That gives Anderson the opportunity to work with clients who want to create incredible outdoor living spaces: "When the economy turns down a little bit, [homeowners] have more free time to spend their money and they're not afraid to spend it in that low time. They know it's going to go back up."
Choosing the Right Projects
Because he focuses on creating incredible exteriors, Anderson is careful to limit the number or projects he and his team take on at once.
"It's kind of the beauty of the pool business," Anderson says. "Every project’s always in a different stage," so he and his carefully chosen team typically start two projects each month, working on 12-16 projects per year.
By carefully timing the projects they take on, Anderson says, "You don't have to have a lot of resources because they are all in different stages. We pretty much 100% subcontract out."
That careful attention to detail helps Anderson build a strong, growing business. He has learned that focusing on more than just the pool helps build strong revenue streams, while also creating spectacular results for his clients:
"If it takes me 3-4 months to build an average pool, I might make (if I'm going to net somewhere around 10-15%) $45,000 on a $300,000 dollar pool over 4-6 months. But, I can go do a $100,000 landscape and make $40,000 in 3 weeks. I can go install furniture and make $10,000 in 2 days."
That means, for Anderson, that "while the pool might be the bigger chunk, the efficiency of the revenue is in the accessories services. We've learned to maximize with each client and really take it from not just the pool but the entire backyard space."
Earning Client Referrals
Anderson’s strategy has been so successful, and so popular with his clients, that he now earns nearly all of his residential business from referrals.
In fact, for Anderson, choosing the right clients is just as important as choosing the best subcontractors and creating the best designs:
"We try to be a little picky choosing our clients," Anderson says, "because in the pool industry, reputation is everything. Especially in the higher-end market."
Finding the right clients and building a great reputation is not about putting up billboards, Anderson reveals. It’s about earning strong referrals:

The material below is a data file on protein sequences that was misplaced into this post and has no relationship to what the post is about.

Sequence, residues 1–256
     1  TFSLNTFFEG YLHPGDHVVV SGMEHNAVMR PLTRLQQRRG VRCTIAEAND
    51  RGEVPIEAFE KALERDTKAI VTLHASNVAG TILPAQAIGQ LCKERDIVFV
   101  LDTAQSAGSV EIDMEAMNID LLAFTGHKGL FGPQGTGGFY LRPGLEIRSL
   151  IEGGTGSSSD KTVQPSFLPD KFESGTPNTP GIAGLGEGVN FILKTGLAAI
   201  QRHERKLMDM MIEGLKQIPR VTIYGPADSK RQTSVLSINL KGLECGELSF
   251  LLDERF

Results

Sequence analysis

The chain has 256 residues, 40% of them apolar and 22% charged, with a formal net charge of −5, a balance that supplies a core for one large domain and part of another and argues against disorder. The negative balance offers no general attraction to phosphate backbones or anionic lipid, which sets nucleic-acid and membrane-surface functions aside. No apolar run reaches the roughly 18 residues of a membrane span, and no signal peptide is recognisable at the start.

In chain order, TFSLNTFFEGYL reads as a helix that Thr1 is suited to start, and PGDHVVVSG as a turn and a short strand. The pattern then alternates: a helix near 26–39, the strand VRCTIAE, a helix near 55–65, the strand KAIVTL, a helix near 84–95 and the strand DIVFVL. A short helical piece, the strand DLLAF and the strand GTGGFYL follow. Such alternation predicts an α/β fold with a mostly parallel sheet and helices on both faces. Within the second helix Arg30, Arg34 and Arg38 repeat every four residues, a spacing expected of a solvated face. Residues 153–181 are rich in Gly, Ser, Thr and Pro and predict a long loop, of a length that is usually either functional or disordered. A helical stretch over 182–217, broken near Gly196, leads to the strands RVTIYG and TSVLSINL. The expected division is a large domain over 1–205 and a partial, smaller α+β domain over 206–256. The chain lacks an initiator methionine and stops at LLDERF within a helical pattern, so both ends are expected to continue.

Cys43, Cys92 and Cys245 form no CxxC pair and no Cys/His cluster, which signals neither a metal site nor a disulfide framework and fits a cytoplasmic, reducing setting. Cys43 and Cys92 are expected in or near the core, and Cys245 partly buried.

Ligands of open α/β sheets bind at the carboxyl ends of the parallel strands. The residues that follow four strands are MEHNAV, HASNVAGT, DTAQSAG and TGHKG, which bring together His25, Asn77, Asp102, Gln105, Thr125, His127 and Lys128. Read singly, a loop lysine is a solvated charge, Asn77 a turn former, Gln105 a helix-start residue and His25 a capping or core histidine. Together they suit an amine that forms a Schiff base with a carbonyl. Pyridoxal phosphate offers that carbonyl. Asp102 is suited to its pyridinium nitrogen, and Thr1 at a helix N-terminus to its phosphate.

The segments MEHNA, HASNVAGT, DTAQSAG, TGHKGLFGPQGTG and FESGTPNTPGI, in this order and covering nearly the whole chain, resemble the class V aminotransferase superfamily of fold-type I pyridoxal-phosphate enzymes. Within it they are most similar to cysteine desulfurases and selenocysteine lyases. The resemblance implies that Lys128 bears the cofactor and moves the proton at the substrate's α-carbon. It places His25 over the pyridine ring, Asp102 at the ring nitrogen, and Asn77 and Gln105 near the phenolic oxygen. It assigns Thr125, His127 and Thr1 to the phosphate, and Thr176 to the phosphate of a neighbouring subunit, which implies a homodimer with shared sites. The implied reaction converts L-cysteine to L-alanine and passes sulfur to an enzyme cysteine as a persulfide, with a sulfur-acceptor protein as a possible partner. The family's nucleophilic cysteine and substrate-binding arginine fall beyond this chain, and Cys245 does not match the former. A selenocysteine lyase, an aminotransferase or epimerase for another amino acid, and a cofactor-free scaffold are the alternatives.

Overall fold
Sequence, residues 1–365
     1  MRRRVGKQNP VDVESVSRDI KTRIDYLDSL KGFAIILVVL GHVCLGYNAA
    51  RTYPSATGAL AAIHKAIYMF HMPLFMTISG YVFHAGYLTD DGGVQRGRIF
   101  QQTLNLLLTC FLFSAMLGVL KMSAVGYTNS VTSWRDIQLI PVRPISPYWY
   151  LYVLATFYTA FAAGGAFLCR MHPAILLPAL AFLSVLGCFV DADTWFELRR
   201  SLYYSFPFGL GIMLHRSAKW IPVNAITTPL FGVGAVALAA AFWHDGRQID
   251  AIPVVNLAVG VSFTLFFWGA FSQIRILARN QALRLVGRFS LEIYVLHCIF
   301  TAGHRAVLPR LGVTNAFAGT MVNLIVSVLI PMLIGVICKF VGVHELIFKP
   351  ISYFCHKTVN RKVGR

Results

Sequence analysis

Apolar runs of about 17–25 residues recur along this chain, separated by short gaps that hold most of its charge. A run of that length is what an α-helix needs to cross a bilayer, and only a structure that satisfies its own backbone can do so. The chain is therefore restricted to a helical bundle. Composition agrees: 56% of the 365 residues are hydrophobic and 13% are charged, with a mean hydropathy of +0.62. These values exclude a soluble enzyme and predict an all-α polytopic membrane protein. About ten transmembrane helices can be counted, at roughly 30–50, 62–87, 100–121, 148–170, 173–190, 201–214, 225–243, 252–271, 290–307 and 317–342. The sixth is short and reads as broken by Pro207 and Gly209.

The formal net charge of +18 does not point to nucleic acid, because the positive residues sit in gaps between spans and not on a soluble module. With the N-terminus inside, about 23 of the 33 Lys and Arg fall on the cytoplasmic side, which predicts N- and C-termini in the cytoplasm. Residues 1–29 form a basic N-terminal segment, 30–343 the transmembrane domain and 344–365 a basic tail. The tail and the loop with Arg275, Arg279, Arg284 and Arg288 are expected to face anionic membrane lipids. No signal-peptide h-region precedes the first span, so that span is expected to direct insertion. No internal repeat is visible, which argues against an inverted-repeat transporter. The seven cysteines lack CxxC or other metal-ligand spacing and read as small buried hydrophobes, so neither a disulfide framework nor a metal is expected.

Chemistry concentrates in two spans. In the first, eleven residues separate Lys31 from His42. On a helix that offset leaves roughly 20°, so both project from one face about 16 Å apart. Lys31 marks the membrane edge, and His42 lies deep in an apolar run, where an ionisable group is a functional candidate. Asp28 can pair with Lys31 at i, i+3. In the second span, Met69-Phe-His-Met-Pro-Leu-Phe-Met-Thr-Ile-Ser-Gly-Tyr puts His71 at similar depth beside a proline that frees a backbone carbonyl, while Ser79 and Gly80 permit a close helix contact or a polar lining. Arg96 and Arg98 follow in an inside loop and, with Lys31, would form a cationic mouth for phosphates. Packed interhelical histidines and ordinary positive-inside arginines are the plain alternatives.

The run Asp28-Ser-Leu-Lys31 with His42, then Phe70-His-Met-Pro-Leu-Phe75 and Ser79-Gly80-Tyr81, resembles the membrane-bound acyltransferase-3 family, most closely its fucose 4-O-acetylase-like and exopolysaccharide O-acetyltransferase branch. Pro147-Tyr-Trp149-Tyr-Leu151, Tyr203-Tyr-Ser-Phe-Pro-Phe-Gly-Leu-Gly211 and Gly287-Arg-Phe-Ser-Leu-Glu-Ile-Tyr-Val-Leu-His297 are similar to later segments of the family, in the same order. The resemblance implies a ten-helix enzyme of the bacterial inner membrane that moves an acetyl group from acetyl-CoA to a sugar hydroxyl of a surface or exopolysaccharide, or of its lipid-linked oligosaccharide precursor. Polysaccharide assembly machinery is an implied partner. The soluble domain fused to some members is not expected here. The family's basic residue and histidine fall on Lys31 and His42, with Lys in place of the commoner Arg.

"It doesn't matter if you have a billboard out there or not; they are going to pick you because you were referred from a neighbor, or a friend, or a colleague. That's how we obtain 99% of our work."
"We want the client to be a good fit for us just as much as we want to be a good fit for the client. We are heavily involved on our job sites," Anderson says, and that high level of involvement, coupled with clear communication, helps his clients put their trust in his work.
"Our focus is to be great at a few rather than good at a lot. Hopefully, that shows on our website and in our marketing."
"You know, we're in their backyards. They are heavily involved in the process and the project. We want to keep that communication open."
In order to do that, Anderson is careful to stay ahead of any potential issues that might crop up: "I meet with my clients on a weekly basis during the construction process whether there's a problem or not. Just to let them talk about whatever they're dealing with."
Standing Out by Charging for Designs
For a number of years, Anderson did not charge for his designs. Five years ago, he decided to charge clients for designs — and he immediately saw a significant improvement not only in his own work but also in how his clients responded to what he was offering them.
"As a designer I find that I do better designs when I'm charging because there is more expected from me. I have an obligation to present something that is going to be quality. So instead of getting a project done the night before, I hold myself to a higher standard," Anderson says.